And yet the practical woman had her mystical side, not welcome really but rather the opposite at times. In one of her letters she writes, “I’ve had the raptures again. They’re most embarrassing, several times in public – during Matins for instance. I’m so ashamed I simply want to hide away somewhere.” She wrote much sensible advice on assessing mystical experiences and was rather humorously sceptical about the experiences of others. Of one of her nuns, she wrote, “If I’d have been there, she wouldn’t have had such a while of experiences.” Teresa also had an amazing understanding of the physical and emotional causes of some experiences: “Isabel de San Jeronimo will have to be made to eat meat for a few days and give up prayer. She has an unstable imagination which makes her believed she actually sees and hears the things she meditates on.”

Teresa seems a woman of paradoxes:

An enclosed nun who spent much of her life travelling.

A great writer on prayer and the spiritual life who admitted freely to her brother Lorenzo that sheer pressure of work had made prayer, in the formal sense, impossible.

A mystic who saw visions and yet who treated such things with sense and caution, “Though some such phenomenon may be genuine, I am sure it is best to regard them as of no importance…even supposing they are genuine, nothing will be lost.”

A great saint, who wrote six years before her death, “I beg you, Reverend Father, to ask God to make me a true nun of Carmel! Better late than never.”

A human being in touch with God and with the earth: “WE are not angels. We have bodies. To want to be angels here on earth is absurd, particularly if you are as much a part of the earth as I am.”

These words were found in her breviary after her death:

Be then by naught perturbed

of naught afraid

For all things pass

Save God

Who does not change.

Be patient, and at last

Thou shall of all

Fulfillment find.

Hold God

And naught shall fail thee

For he alone is all.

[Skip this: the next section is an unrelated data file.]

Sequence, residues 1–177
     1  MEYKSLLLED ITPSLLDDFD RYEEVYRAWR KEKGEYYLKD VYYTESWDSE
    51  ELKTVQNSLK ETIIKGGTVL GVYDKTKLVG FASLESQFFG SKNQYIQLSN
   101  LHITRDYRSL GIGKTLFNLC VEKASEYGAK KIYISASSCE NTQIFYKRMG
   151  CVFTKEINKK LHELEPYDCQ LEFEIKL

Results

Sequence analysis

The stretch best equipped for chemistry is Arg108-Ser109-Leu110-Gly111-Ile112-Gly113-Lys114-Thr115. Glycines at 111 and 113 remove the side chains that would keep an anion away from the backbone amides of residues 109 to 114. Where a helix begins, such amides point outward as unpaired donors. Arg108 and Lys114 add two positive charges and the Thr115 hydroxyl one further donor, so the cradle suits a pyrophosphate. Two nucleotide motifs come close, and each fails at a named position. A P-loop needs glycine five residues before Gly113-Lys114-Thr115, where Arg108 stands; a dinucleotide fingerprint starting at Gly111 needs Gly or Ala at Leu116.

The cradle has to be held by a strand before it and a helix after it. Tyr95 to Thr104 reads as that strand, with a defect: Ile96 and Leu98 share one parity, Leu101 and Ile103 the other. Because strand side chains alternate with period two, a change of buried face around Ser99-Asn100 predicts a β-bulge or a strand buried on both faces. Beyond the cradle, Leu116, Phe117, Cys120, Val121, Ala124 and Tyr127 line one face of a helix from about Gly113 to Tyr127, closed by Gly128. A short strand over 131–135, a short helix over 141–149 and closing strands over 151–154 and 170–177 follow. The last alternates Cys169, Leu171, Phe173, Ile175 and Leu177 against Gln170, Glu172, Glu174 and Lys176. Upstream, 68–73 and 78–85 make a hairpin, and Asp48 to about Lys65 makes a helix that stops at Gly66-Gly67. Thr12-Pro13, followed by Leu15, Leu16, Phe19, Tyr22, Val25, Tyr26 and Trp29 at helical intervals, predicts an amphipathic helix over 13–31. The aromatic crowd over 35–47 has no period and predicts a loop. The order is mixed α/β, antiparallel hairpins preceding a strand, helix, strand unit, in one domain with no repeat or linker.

A prayer:

Teach us to love the paradoxes within ourselves

Teach us to love the inconsistencies of others

Teach us to love the complexity of creation

And to accept the simplicity of God

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5 thoughts on “Heaven-Haven ~ the life and works of Teresa of Avila

  1. I knew nothing about her except that she ‘chose’ the life, as many did, as her options were limited, and she founded a few monasteries… Impressed with her life as you’ve shown here. I would have found hagiology more inspiring in my spiritual life if more had been said about inconsistencies still being acceptable to God. One of the biggest barriers I found to developing a spiritual life has been the impossible piety of authoritative Christians…!

    • The college used to have a speaker every Thursday which was *spirituality day* but the morning prayer speaker was usually a student. My husband was asked to do it and I commented it was typical of the college to ask a guy to speak about a woman saint (this was at the same time the vote went through to allow women priests and there were lots of women students). So he said, Why don’t you do it then. So I did.
      I found her take on things deeply refreshing.
      thanks for commenting.x

  2. “Be then by naught perturbed

    of naught afraid

    For all things pass …

    For he alone is all.”

    A simple but beautiful prayer.